Emerging roles of GLIS3 in neonatal diabetes, type 1 and type 2 diabetes
Research output: Contribution to journal › Review article
- Case Western Reserve University
- Sun Yat-Sen University
GLI-similar 3 (GLIS3), a member of the Krüppel-like zinc finger protein subfamily, is predominantly expressed in the pancreas, thyroid and kidney. Glis3 mRNA can be initially detected in mouse pancreas at embryonic day 11.5 and is largely restricted to β cells, pancreatic polypeptide-expressing cells, as well as ductal cells at later stage of pancreas development. Mutations in GLIS3 cause a neonatal diabetes syndrome, characterized by neonatal diabetes, congenital hypothyroidism and polycystic kidney. Importantly, genome-wide association studies showed that variations of GLIS3 are strongly associated with both type 1 diabetes (T1D) and type 2 diabetes (T2D) in multiple populations. GLIS3 cooperates with pancreatic and duodenal homeobox 1 (PDX1), v-maf musculoaponeurotic fibrosarcoma oncogene family, protein A (MAFA), as well as neurogenic differentiation 1 (NEUROD1) and potently controls insulin gene transcription. GLIS3 also plays a role in β cell survival and likely in insulin secretion. Any perturbation of these functions may underlie all three forms of diabetes. GLIS3, synergistically with hepatocyte nuclear factor 6 (HNF6) and forkhead box A2 (FOXA2), controls fetal islet differentiation via transactivating neurogenin 3 (NGN3) and impairment of this function leads to neonatal diabetes. In addition, GLIS3 is also required for the compensatory β cell proliferation and mass expansion in response to insulin resistance, which if disrupted may predispose to T2D. The increasing understanding of the mechanisms of GLIS3 in β cell development, survival and function maintenance will provide new insights into disease pathogenesis and potential therapeutic target identification to combat diabetes.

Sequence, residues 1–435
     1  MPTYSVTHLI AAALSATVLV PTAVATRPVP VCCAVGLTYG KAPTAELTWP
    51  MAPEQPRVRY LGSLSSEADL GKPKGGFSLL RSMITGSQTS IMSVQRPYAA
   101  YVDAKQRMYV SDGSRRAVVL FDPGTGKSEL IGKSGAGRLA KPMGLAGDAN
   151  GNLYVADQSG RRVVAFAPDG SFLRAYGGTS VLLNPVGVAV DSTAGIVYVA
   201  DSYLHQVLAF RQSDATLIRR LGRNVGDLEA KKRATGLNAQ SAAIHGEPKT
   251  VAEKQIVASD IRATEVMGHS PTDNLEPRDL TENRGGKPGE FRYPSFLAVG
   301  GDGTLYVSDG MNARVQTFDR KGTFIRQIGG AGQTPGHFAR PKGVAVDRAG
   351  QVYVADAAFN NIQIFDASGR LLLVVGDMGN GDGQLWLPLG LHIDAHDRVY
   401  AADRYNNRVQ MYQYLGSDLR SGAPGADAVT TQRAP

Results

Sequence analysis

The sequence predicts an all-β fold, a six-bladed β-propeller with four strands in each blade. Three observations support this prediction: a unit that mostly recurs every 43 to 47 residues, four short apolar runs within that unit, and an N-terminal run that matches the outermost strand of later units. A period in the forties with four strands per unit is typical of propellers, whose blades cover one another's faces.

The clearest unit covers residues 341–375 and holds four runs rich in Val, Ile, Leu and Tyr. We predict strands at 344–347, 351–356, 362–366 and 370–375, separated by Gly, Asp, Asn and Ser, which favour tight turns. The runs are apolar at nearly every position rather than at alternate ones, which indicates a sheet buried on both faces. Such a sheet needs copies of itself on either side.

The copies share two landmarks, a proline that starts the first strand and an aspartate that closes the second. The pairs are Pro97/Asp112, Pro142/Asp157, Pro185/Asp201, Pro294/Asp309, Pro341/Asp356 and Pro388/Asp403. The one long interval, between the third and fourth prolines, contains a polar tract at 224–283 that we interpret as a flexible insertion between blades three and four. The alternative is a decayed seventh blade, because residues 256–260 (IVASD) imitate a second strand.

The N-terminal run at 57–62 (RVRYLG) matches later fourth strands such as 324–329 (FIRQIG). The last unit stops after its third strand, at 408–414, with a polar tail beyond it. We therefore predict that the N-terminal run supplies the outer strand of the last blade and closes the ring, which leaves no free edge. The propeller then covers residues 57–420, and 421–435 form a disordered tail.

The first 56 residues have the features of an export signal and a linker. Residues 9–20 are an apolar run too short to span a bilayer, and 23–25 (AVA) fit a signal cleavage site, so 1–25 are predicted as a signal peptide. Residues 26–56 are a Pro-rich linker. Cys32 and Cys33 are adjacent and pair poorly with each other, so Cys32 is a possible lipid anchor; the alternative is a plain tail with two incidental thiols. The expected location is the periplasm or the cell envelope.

- GLIS3, Insulin, NGN3, Neonatal diabetes, Type 1 diabetes, Type 2 diabetes